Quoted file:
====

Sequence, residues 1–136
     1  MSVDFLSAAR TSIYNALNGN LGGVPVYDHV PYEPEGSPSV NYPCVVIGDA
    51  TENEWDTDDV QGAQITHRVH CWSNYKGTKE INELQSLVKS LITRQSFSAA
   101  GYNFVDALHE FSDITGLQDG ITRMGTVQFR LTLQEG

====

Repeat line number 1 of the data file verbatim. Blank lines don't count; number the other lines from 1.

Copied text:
Sequence, residues 1–136